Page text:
- Sell Side Platforms (“SSPs”) – SSPs provide technology to publishers to manage and sell their ad inventory.
- Demand Side Platforms (“DSPs”) – DSPs provide a platform for ad purchasers to evaluate trends in the display ad market and to assess the performance of various marketing campaigns.
- Ad Exchanges – Ad exchanges have provided a neutral marketplace for publishers (via SSPs or ad networks) to sell inventory to ad purchasers (via DSPs).
The RTB marketplace is still relatively new, but it appears that advertisers and publishers are beginning to realize the benefits of automated ad platforms. Google’s DoubleClick Exchange more than tripled in the past year, and it is estimated that at least 50% of all targeted online display advertising will be bought through real time platforms by 2015. More traction will likely occur throughout 2011 most likely sold as a compliment to direct sales and/or ad network inventory.
Real Time Bidding Ecosystem
Yahoo Right Media
Vertical Ad Networks:
Commission Junction (VCLK)
24/7 Real Media (WPP)
Demand Side Platforms:
Invite Media (Google)
The Trade Desk
|Sell Side Platforms:
Video Ad Networks:
Tremor Media (Scan Scout)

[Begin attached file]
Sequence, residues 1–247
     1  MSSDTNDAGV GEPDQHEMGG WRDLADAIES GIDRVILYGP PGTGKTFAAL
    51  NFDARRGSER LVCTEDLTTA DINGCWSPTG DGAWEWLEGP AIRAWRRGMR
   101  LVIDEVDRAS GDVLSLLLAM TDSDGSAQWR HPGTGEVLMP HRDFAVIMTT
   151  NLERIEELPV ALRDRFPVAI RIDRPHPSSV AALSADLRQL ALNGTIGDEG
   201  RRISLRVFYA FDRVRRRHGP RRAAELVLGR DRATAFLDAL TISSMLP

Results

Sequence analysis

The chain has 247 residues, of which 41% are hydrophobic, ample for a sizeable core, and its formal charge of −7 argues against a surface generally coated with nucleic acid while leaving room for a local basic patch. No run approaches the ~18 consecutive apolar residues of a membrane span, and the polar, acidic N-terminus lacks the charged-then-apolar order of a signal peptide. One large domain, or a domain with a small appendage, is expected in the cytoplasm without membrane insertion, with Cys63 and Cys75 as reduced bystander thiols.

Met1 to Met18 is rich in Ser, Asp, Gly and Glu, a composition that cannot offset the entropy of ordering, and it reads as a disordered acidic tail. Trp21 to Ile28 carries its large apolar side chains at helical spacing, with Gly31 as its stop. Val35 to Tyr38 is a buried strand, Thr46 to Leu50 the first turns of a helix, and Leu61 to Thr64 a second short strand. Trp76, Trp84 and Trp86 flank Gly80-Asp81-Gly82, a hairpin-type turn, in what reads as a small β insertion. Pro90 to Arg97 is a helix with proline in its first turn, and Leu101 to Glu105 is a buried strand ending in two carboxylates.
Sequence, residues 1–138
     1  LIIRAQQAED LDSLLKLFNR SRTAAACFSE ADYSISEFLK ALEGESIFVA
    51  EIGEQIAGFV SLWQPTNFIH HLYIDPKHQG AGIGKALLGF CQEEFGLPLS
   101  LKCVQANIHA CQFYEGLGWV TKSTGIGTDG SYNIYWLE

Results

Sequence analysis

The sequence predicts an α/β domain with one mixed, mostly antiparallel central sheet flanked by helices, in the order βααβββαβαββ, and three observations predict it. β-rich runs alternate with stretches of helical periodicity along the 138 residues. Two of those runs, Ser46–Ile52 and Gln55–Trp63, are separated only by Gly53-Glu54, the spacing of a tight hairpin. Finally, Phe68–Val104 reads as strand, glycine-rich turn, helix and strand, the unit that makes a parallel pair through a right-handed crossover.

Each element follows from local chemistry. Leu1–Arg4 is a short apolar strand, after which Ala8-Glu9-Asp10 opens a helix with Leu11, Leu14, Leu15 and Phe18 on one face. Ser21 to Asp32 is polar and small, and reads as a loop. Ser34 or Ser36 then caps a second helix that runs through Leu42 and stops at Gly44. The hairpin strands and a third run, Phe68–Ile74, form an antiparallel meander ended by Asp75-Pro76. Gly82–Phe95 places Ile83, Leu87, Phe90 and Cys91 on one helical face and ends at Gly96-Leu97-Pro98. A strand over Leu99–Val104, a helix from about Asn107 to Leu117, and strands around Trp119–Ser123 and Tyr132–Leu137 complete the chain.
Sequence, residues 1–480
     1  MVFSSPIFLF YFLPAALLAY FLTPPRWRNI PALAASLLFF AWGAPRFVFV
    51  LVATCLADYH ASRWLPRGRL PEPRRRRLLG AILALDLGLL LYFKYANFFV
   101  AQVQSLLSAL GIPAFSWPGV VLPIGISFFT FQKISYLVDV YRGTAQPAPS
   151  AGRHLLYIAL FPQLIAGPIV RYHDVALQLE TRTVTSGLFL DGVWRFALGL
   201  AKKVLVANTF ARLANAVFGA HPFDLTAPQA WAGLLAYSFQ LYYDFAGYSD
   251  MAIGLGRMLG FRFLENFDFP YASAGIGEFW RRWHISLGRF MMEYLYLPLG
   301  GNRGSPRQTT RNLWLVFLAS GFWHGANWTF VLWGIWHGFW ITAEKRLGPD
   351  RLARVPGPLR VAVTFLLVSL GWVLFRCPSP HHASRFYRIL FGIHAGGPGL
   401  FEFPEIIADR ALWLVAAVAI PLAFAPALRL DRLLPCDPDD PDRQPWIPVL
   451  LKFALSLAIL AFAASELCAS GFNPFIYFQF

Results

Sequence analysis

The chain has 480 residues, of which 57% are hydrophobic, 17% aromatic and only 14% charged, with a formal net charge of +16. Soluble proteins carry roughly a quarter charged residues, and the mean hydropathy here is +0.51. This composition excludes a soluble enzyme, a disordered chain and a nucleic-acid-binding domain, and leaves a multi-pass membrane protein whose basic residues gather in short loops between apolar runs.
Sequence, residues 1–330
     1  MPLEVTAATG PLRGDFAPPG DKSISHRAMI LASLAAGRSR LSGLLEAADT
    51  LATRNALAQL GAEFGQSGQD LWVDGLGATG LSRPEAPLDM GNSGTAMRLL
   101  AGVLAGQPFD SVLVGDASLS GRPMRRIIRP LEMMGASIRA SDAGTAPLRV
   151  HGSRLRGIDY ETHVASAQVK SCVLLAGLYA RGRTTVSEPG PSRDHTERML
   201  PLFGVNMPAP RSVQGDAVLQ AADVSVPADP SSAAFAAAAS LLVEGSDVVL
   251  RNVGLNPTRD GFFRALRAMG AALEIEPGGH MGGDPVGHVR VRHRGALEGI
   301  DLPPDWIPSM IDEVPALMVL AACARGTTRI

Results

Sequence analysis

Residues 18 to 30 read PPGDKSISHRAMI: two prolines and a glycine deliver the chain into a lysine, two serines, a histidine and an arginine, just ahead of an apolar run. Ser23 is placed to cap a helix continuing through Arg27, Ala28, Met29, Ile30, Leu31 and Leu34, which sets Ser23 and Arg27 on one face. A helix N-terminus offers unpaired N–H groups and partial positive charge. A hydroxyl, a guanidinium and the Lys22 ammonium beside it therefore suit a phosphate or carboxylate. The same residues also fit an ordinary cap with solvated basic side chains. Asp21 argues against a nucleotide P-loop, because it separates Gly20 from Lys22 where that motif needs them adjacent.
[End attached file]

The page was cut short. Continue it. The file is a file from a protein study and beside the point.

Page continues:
Video Ad Platform/Exchange:
Expected Growth of Display Advertising
Internet advertising revenues in the United States totaled $12.1 billion for 1H 2010, an 11.3% increase from the same period in 2009. Search advertising has remained the largest online advertising revenue format, accounting for $5.7 billion, or 47% of 1H2010 revenues of $12.1 billion. Search has increased from $5.1 billion for the entire year in 2005. Search is followed by display related advertising revenues, including Display/banner, rich media, digital video and sponsorship, totaled $4.4 billion or 36% of 1H 2010 total online advertising spend. In 2005, Display related advertising revenues totaled $4.3 billion for the full year.
Performance-based pricing models continue to be favored as 61% of 1H2010 internet advertising revenue is based on performance. 35% is attributable to impression-based, while the remaining 4% is a hybrid of the two models.
Total Internet. Total U.S. advertising spend was affected by the recession as companies significantly reduced and scrutinized advertising budgets. Online advertising, however, has been the fastest growing segment of the market, rising to $23.4B in 2008 from $4.6B in 1999, a CAGR of 20%. US online advertising spending is expected to increase at a CAGR of 10% from $25.1B in 2010 to $36.3B by 2014. This $11B in new advertising spending will be flowing into online marketing tools such as search, display advertising, email advertising and lead generation.
Source: IAB Internet Advertising Revenue Report
Display advertising is expected to increase from $7.6B to 14.7B from 2009 to 2014, a CAGR of 14%, driven by the growth of banner ads, rich media and video. Video is the prime source of display ad growth growing at 30- 48% each year.